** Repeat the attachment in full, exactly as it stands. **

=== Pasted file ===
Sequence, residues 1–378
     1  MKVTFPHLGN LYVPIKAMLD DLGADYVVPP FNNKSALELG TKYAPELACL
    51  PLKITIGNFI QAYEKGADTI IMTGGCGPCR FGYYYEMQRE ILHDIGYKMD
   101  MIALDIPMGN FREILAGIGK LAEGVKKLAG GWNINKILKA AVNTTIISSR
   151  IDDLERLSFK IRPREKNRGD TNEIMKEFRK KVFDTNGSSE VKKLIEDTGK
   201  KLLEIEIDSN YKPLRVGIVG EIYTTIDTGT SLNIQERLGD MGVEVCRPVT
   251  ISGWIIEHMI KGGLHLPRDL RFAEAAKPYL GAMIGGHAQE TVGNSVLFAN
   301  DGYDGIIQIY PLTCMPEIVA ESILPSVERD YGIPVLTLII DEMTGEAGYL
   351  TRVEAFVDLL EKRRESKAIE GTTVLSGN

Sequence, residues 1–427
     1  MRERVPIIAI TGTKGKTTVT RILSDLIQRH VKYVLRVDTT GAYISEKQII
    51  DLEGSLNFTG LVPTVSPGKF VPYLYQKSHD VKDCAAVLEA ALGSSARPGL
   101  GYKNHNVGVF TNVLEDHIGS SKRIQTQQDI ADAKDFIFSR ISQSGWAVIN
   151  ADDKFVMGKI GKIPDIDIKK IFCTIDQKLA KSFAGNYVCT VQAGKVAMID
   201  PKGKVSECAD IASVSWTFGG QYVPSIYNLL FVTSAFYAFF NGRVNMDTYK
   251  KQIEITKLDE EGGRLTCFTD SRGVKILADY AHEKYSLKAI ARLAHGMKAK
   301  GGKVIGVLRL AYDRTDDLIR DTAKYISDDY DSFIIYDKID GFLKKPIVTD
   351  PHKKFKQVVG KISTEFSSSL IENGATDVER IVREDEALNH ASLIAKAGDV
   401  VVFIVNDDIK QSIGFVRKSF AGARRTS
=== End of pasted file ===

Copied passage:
Sequence, residues 1–378
     1  MKVTFPHLGN LYVPIKAMLD DLGADYVVPP FNNKSALELG TKYAPELACL
    51  PLKITIGNFI QAYEKGADTI IMTGGCGPCR FGYYYEMQRE ILHDIGYKMD
   101  MIALDIPMGN FREILAGIGK LAEGVKKLAG GWNINKILKA AVNTTIISSR
   151  IDDLERLSFK IRPREKNRGD TNEIMKEFRK KVFDTNGSSE VKKLIEDTGK
   201  KLLEIEIDSN YKPLRVGIVG EIYTTIDTGT SLNIQERLGD MGVEVCRPVT
   251  ISGWIIEHMI KGGLHLPRDL RFAEAAKPYL GAMIGGHAQE TVGNSVLFAN
   301  DGYDGIIQIY PLTCMPEIVA ESILPSVERD YGIPVLTLII DEMTGEAGYL
   351  TRVEAFVDLL EKRRESKAIE GTTVLSGN

Sequence, residues 1–427
     1  MRERVPIIAI TGTKGKTTVT RILSDLIQRH VKYVLRVDTT GAYISEKQII
    51  DLEGSLNFTG LVPTVSPGKF VPYLYQKSHD VKDCAAVLEA ALGSSARPGL
   101  GYKNHNVGVF TNVLEDHIGS SKRIQTQQDI ADAKDFIFSR ISQSGWAVIN
   151  ADDKFVMGKI GKIPDIDIKK IFCTIDQKLA KSFAGNYVCT VQAGKVAMID
   201  PKGKVSECAD IASVSWTFGG QYVPSIYNLL FVTSAFYAFF NGRVNMDTYK
   251  KQIEITKLDE EGGRLTCFTD SRGVKILADY AHEKYSLKAI ARLAHGMKAK
   301  GGKVIGVLRL AYDRTDDLIR DTAKYISDDY DSFIIYDKID GFLKKPIVTD
   351  PHKKFKQVVG KISTEFSSSL IENGATDVER IVREDEALNH ASLIAKAGDV
   401  VVFIVNDDIK QSIGFVRKSF AGARRTS